I'd like to recommend to your attention an article by Josh Hammer that, in my view, addresses important issues regarding the common appeal by conservatives to what Hammer refers to as "free speech absolutism." A hint of what he's talking about can be seen from the picture that is at the top of the article. It features Marjorie Taylor Greene wearing a black mask with the red lettering: Free Speech. A lot has been written about MTG and this whole issue, but I find Hammer's article by far the most thoughtful, because it goes beyond the easy issue of liberal hypocrisy.
In particular I draw your attention to the distinction that Hammer makes between "procedure" and "substance", which is the same distinction that Cassander raised in a different context today. To be clear, Hammer believes the action taken against MTG by the Dem House was wrong. His argument is that even if we oppose those actions, we should be cautious of failing to distinguish "liberal procedure"--appeals to Free Speech as a constitutional right (in most instances)--from the "moral limitations of the ... underlying substance" of what is being said.
Here's the link:
But the fact that Marjorie Taylor Greene can so effortlessly retreat to the comparatively safe terrain of "free speech" should concern conservatives.
And here are a few excerpts--but I urge you to read and consider the entire article:
Greene ... followed in the footsteps of many others on the Right who respond to a domineering and increasingly illiberal ruling class with rote proceduralist appeals to free speech ...
On the merits, it is a mistake to strip Greene, who has previously flirted with the QAnon conspiracy theory and has voiced numerous other ludicrous beliefs, of all House committee assignments. ...
But the fact that Greene—an erstwhile QAnon adherent, 9/11 “truther,” and believer that the 2018 Marjory Stoneman Douglas High School shooting was a “false flag” operation—can so effortlessly retreat to the comparatively safe terrain of “free speech” ought to concern conservatives. It is a reminder of the inherent moral limitations of appeals to liberal procedure in lieu of underlying substance.
... conservatives would be making a tactical error if they were to lionize Greene and like-minded fringe figures as valiant martyrs for “free speech” ideals.
Just as Ethics and Public Policy Center President Ryan T. Anderson recently argued in the Wall Street Journal that “religious liberty isn’t enough,” so, too, is “free speech” perhaps necessary but ultimately insufficient as a tool with which to implore elites to grant conservatives basic societal legitimacy. Every argument that begins and ends with cries of “free speech,” whether in opposition to the latest noxious manifestation of “cancel culture” or censorious Big Tech account ban, is necessarily an argument eschewing any focus on underlying claims to justice or truth.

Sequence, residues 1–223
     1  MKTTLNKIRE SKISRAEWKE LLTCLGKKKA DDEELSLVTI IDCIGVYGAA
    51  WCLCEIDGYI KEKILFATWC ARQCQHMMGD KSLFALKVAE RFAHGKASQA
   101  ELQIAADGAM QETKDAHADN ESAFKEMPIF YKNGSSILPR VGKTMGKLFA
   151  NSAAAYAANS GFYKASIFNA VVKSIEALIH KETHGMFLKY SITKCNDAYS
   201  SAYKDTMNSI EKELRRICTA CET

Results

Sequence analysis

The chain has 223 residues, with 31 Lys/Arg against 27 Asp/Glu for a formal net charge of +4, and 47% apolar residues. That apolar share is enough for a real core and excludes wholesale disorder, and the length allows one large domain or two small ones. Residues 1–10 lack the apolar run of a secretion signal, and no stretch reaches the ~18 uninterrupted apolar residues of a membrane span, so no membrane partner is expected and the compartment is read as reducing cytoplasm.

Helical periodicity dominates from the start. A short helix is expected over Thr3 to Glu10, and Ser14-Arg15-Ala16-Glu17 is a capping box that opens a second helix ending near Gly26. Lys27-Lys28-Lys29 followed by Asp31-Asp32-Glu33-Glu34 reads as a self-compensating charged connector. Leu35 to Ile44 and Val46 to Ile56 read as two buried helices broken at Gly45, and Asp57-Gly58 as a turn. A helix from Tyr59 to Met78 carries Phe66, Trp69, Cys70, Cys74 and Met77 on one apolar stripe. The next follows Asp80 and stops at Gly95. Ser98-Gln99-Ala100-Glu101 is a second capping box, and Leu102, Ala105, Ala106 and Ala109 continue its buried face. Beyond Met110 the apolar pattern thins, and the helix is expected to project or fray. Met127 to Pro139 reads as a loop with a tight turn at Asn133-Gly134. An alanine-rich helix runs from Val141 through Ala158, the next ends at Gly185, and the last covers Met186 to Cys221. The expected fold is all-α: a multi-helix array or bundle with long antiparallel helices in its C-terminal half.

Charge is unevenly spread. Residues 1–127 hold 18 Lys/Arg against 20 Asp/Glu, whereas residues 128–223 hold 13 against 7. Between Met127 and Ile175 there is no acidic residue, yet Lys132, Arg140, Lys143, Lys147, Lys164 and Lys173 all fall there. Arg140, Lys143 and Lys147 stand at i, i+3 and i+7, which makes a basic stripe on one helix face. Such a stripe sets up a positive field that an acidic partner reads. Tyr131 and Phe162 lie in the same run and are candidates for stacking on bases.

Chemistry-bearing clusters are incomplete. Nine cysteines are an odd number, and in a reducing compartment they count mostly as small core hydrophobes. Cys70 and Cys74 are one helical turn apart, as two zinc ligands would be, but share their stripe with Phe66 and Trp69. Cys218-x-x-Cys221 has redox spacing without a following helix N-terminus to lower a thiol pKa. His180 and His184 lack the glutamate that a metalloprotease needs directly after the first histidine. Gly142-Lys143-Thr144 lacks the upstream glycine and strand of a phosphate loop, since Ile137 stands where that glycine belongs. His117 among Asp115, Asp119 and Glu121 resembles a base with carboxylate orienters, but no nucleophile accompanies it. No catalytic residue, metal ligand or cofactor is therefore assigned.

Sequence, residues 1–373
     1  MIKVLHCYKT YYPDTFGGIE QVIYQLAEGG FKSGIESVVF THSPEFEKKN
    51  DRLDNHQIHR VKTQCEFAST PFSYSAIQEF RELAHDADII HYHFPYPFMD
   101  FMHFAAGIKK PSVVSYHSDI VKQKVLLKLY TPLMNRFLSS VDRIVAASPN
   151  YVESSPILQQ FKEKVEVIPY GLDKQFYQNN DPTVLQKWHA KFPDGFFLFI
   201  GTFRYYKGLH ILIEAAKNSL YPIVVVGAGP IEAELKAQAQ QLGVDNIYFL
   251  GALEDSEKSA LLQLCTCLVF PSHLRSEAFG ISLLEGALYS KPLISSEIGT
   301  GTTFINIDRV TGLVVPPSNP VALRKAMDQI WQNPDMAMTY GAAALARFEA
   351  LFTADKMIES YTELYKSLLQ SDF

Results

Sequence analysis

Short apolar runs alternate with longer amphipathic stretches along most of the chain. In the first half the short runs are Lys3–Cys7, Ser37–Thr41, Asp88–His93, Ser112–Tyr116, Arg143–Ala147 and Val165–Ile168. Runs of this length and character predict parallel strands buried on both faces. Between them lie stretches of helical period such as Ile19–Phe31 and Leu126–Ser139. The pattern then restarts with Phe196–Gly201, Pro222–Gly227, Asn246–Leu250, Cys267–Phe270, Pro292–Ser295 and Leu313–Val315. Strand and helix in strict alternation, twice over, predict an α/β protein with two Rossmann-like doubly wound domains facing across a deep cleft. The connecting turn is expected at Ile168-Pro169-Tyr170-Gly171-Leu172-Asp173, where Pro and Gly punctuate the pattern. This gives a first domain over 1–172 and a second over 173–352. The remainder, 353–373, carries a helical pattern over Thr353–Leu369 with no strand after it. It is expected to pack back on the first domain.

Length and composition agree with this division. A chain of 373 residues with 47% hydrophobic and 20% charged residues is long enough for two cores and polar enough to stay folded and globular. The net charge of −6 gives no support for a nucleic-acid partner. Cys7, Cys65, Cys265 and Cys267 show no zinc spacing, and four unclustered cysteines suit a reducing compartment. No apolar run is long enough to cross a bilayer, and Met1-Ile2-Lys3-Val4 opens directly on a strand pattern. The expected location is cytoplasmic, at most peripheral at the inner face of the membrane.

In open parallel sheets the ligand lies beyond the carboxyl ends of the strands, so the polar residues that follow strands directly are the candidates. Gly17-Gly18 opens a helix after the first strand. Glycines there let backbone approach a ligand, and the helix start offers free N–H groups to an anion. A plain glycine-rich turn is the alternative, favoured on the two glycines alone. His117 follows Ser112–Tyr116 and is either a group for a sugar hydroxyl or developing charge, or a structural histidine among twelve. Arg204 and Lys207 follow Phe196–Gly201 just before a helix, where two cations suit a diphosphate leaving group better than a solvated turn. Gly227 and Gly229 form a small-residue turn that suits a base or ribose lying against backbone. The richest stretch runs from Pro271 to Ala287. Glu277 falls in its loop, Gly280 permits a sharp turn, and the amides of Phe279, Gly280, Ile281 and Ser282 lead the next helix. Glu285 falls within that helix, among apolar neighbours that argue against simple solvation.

This is what Hammer means by Free Speech "proceduralism" that ignores the underlying moral substance. This, in a nutshell, is the theoretical, philosophical, weakness of the Classical Liberal ideology of "rights" over Natural Law--as we've discussed, especially, with reference to the thought of Patrick Deneen.
... But such an intense focus on free speech as an intrinsic end ... is to engage in the very sort of moral relativism that conservatives rightfully decry.
Worse, it misunderstands the historical understanding of free speech, which was not that of an intrinsic good unto itself but instead that of a merely convenient instrumentality in pursuit of genuine truth and knowledge. Conservatives who are confident in their convictions should not be afraid to defend their substantive beliefs, ..., without pleading to be left alone due solely to pluralistic commitments to religion or speech.
Marjorie Taylor Greene should not have been formally punished by either the current House Republican minority or Democratic majority for her previous beliefs, no matter how noxious they may be. But it is imperative that we understand such an appeal for lenity as prudence—not myopic free speech absolutism.
While we can question whether those who have criticized the jihad against MTG actually do fall into the errors that Hammer decries, it's unquestionably best to have a very clear understanding of what we really stand for--and why--when we go into these types of disputes.